It is not in a mood to reconcile or reflect upon its patriarchal, misogynistic behaviour. Thus we see the documentary called India’s Daughter being banned or in case of Hyderabad, the extrajudicial killing of the police celebrated. The society which should ask the police administration why there was character assassination of the victim and deliberate refusal to file a complaint when her parents approached them to search for their missing girl suddenly went on to cheer the police force.
Are we as a society less interested in preventing rapes and only outraging when an incident happens? Instead of fixing the offence on the police administration for their omission aren’t we celebrating it? Is it because the accused in that case were known to be petty criminals possessed with dirty minds, and this, in turn, absolve the white-collar ones in offices, restaurants from the culture of rape? When in reality, we all may share the same disgusting and misogynistic attitudes? Are we as a society less interested in protecting lives than to break the mirror which shows our sin in perpetuating the crime?
In the case of Hathras, there are many layers to the crime, and it needs to be dissected to put the offence in perspective. It was not merely rape. It is a case of rape in a misogynistic society shielded by the umbrella of caste. In our society, rape is usually protected by the patriarchal nature of our being, but in this case and maybe in cases which were not reported there are two layers of shroud – misogyny and casteism.
The umbrella of caste gave impunity to the crime without any remorse and also the power to destroy the evidence. Thus we see the usual demonic nature of the rapist is lost in this case as the upper caste people declare the accused as innocent and protest for their letting off. This caste shield was so strong that it permeates every possible layer of state administration in the way of denying that rape even occurred. Even after such a gruesome incident and such covering of pieces of evidence, disrespecting even her death, the state administration is in no point of remorse.
The cahoots of the political establishment with the caste system may be a discussion of another day. Instead of shedding tears or accepting their devious ploy, the state administration has put the whole blame on the victim and her family, inventing conspiracy theory daily. Such is the robust cohort of caste and misogyny combined. Suppose after attracting so much of spotlight in media, and by the opposition and civil society, this is the response of the state administration. In that case, it’s only a second guess to predict what happens to cases which goes unreported.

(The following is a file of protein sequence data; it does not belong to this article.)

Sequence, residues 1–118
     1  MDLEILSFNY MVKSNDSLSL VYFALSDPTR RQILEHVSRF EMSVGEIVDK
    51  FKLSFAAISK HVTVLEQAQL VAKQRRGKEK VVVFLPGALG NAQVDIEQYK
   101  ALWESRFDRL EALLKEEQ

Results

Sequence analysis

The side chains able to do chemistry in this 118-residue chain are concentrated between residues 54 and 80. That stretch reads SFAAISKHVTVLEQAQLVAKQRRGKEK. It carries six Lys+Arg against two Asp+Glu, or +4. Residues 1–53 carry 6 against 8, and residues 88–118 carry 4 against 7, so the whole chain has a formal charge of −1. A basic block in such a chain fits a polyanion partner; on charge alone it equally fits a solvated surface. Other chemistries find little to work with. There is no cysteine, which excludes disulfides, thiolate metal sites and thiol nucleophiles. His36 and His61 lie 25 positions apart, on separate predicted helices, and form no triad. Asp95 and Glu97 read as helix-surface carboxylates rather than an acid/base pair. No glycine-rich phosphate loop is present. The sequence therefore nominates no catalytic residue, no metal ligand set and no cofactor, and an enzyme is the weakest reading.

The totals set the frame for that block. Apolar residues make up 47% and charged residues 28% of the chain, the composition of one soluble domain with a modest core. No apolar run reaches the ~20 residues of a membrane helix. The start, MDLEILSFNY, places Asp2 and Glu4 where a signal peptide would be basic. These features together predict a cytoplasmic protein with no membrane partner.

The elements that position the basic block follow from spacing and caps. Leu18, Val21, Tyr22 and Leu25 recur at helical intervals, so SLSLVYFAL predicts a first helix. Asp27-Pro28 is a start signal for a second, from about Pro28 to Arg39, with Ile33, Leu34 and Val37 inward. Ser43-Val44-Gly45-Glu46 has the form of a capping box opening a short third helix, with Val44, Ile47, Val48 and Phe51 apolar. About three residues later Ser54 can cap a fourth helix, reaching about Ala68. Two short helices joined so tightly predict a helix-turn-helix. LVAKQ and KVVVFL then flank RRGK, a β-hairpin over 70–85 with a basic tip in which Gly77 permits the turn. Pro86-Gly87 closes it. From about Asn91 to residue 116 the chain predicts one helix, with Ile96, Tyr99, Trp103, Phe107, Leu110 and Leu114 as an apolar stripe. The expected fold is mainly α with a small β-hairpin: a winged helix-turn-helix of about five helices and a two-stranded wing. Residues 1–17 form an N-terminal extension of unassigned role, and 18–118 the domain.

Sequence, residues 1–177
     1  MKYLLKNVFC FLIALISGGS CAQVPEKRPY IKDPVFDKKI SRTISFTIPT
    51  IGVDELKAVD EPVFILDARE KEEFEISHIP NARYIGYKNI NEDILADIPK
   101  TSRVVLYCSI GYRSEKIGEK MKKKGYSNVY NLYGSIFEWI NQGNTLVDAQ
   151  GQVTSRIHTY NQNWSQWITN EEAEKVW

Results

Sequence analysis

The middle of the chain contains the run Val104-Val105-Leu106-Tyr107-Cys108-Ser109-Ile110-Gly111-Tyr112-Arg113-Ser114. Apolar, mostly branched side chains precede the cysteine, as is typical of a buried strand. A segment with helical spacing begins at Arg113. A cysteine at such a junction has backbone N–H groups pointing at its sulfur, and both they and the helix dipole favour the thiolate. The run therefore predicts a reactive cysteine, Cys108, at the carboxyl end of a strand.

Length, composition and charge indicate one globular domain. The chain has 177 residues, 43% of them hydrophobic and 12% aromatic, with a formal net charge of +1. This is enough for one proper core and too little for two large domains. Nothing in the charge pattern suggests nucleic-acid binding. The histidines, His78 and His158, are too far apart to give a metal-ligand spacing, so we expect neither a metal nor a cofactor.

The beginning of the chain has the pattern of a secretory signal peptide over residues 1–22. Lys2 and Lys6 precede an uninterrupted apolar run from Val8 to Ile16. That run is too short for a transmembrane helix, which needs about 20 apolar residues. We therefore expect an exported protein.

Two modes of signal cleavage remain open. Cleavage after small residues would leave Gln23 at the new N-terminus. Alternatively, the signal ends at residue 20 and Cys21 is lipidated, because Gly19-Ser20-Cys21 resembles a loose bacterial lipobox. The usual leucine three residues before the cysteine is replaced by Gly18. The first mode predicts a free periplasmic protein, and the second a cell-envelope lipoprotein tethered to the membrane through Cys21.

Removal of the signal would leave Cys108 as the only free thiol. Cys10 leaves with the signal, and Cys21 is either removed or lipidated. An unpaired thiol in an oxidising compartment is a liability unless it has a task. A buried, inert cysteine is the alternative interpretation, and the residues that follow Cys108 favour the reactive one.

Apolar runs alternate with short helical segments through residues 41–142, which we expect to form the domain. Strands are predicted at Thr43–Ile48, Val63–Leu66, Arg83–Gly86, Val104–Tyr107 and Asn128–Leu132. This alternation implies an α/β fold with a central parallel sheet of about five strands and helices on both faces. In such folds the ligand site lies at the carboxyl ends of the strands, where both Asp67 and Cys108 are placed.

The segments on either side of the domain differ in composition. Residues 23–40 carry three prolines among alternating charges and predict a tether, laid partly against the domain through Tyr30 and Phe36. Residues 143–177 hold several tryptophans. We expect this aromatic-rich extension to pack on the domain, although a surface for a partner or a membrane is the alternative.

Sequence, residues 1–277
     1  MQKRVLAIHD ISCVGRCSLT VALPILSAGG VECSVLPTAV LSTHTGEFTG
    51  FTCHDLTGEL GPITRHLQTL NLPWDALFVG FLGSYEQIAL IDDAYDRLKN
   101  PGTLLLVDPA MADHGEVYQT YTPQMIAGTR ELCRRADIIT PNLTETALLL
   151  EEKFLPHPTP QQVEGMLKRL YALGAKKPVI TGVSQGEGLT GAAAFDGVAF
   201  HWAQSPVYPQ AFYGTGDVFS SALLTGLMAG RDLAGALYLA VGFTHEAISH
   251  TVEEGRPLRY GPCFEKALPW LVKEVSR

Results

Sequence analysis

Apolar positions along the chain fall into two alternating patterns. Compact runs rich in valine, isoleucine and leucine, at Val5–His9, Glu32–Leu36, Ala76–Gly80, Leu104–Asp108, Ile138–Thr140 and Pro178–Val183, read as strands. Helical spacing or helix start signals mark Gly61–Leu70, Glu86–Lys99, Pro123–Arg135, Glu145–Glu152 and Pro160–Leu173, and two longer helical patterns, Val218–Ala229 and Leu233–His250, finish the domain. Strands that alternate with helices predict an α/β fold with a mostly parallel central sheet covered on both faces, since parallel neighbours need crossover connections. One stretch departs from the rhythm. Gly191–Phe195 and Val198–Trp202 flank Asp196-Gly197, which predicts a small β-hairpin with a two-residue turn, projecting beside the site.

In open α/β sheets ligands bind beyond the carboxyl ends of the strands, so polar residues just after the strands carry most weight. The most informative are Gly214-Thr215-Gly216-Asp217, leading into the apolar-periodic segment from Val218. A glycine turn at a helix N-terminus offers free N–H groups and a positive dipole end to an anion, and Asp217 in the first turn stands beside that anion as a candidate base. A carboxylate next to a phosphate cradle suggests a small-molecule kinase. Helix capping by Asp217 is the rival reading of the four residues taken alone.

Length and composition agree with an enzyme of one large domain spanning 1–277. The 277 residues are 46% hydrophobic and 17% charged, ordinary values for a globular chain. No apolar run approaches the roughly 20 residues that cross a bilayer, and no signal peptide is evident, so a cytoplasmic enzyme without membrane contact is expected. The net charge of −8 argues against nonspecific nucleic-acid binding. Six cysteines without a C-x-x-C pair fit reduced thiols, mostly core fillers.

What is the recourse for a victim’s family where all access to justice is blocked by misogynistic and casteist attitude of officials? Even after getting the media spotlight, if the victim’s family has to go to this kind of indiscrimination daily, what may be the price of standing up for justice for a marginalized family? Most of the victims do not demand justice in such a vitiated atmosphere lest they may be subjected to mental or physical torture. This begs us the question of how far have we moved from Nirbhaya? What have we achieved? A critical piece of recommendation post Nirbhaya was the Verma commission report, but sadly it falls dusted in some bureaucratic red tapes.
A critical recommendation by Verma commission and Vishakha guidelines was non-reliance of medical reports to prove or disprove rape. However sacrilegious it may sound, we see the same medical argument used in case of Hathras to disprove rape, and this does come from the beaconed officers of the state machinery; and also by any fig of imagination to even disregard the dying declaration.
Verma commission had rightly said that awareness in medical, police, political and administrative establishments is the utmost necessity to have proper access to justice. If not Hathras, what could be the best example?
To cry for victims and ask for capital punishment or extrajudicial killing of rapist instead of going to its roots, fixing its pivotal socio-political axis is at best a hypocritical act, only hogwash. This act of ours does nothing except give solace to our collective conscience by silencing our prejudicial thoughts. By silencing, we offer it to breed in our subconsciousness which inturn vitiated the atmosphere and nourishes the culture of rape. Until we press the delete button on our regressive thoughts, justice remains an illusion.